Blogger Maria Trivisonno

Talk with Me Toolkits

Last year, my library (Cuyahoga County Public Library-CCPL) had the opportunity to participate in an Institute of Museum and Library Services grant that had been awarded to the Family Place Libraries™ in partnership with the Smithsonian Office of Educational Technology (OET) and Goodling Institute for Research in Family Literacy (GI) at Penn State University.

Our charge? To give constructive feedback on the Smithsonian’s Talk with Me Toolkits so that they could be updated and made more useful to families.  Four libraries participated in the grant: CCPL, Middle Country Public Library, Hillsboro City Library, and York County Libraries

The toolkits were developed for children ages 5-8 and their adults, using the Smithsonian’s collections to foster conversation and promote children’s language development.  In short—this aligns firmly with Every Child Ready to Read skills that can still be developed and enriched during the early elementary years (such as the practice of talking and the early literacy skill of vocabulary)

The toolkits consist of images from the Smithsonian Collection and curated videos on related topics.  Accompanying each image or video is a list of important vocabulary terms and questions to elicit conversation between child and adult.  Several related activities, complete with supply lists and instructions, follow. The toolkits are capped off with an age-appropriate book list and discussion questions.

Libraries participating in the grant were asked to use the toolkits in programming with two 15-family cohorts.  I held one in spring and one in fall of 2023 at our Brooklyn Branch.  Six toolkits were used over the six-week program.  Researchers from the Goodling Institute attended the first and last sessions, observing how families used the toolkits and talking through the consent and evaluation processes.  Staff and caregivers were surveyed and spoke with researchers about their use of the toolkits.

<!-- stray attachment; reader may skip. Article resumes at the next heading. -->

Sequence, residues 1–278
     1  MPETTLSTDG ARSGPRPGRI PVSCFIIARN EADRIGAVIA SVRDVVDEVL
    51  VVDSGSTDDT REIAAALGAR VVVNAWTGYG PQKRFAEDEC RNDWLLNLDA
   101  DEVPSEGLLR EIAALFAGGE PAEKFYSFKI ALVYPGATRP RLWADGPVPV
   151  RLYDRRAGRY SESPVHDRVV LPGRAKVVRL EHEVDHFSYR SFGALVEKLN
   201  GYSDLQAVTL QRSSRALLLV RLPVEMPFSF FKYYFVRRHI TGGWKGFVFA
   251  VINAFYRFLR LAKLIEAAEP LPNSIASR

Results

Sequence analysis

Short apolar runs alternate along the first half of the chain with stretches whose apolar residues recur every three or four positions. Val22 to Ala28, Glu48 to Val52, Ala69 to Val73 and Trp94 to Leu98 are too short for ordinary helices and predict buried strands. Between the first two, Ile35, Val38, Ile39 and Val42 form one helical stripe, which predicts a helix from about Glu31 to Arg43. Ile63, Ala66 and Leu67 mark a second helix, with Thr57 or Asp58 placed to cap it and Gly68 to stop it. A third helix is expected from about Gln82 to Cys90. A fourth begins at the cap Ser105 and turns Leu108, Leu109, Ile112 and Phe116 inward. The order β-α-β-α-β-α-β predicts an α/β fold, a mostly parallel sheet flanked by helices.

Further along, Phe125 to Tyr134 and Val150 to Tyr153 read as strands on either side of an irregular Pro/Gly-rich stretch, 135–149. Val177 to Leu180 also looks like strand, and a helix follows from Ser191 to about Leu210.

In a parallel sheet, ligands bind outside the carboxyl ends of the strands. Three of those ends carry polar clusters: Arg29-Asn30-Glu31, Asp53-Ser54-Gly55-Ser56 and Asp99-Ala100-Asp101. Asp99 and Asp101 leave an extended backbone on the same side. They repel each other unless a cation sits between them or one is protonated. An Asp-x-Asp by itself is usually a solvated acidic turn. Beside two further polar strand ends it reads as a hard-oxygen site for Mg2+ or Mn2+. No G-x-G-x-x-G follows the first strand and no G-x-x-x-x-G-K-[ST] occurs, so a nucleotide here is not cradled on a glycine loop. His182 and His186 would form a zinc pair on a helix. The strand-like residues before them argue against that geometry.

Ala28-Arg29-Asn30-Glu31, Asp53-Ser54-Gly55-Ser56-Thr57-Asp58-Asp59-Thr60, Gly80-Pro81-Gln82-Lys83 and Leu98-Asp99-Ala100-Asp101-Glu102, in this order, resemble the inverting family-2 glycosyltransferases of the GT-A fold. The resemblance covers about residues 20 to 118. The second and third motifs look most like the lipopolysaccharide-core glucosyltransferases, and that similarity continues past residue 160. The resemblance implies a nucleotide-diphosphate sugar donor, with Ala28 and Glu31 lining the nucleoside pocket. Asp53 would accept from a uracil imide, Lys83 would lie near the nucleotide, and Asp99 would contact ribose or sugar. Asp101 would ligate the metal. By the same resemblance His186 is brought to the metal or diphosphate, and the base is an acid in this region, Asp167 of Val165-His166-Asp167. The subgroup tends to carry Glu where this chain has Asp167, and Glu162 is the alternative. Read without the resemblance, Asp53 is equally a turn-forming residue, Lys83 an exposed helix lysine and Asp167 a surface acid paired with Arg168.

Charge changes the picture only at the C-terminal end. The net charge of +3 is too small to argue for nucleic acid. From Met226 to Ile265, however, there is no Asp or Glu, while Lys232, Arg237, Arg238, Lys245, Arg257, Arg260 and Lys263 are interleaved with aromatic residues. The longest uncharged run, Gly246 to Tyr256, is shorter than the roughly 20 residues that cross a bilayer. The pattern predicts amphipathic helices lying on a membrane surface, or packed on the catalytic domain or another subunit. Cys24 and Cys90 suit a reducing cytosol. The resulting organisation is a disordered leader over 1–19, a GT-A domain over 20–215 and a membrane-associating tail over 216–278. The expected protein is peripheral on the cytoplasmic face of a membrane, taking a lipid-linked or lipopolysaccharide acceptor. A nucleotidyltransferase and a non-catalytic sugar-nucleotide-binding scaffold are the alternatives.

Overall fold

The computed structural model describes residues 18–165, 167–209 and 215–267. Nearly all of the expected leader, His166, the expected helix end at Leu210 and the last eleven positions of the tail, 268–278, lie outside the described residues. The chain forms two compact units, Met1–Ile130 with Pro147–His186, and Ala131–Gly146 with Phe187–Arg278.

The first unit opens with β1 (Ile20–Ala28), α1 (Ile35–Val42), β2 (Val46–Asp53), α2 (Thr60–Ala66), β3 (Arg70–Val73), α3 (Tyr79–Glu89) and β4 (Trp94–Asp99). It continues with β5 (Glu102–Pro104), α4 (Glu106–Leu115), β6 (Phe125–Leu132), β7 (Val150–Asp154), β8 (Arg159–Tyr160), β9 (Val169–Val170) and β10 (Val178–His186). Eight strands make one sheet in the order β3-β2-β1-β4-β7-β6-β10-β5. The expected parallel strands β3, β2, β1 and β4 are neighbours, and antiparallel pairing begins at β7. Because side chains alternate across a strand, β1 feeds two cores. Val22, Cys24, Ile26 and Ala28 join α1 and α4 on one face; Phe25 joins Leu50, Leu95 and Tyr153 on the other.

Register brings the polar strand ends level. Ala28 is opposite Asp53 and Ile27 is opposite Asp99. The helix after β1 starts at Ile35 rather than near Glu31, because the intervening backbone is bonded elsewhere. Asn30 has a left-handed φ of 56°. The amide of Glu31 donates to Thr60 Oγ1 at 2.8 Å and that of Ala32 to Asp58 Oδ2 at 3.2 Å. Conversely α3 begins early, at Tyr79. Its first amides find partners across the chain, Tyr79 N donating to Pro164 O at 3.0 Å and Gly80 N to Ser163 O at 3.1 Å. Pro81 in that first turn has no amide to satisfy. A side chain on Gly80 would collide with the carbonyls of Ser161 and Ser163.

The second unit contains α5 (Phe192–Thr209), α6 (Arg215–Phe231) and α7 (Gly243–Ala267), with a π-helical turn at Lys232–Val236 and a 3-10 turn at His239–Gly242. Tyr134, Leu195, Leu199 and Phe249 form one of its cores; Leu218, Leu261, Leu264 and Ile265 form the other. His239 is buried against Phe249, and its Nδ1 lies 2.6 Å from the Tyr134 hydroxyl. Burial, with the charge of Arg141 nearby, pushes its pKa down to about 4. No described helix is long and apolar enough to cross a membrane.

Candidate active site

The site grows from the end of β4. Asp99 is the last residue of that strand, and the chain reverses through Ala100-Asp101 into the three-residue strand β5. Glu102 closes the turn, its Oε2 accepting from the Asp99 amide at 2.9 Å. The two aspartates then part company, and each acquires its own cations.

Photos courtesy of the author.
Kids show off the pictures they drew of their communities.

The most fascinating part of the process for me was seeing how the toolkits evolved between cohort one and cohort two.  The feedback we gave was used to, in my opinion, improve the toolkits’ uses and relatability.  I would highly recommend you look at them to get STEAM programming ideas, especially as summer is around the corner.  Families truly enjoyed them in our programming and wanted the links so they could do further activities at home. 

Currently, there are six Talk with Me Toolkits, including:

We recently learned that six more toolkits are being developed.  I can’t wait to see what topics they will cover! 

This post addresses the core competency of I. Commitment to Client Group and III. Programming Skills.

Leave a Reply

Your email address will not be published. Required fields are marked *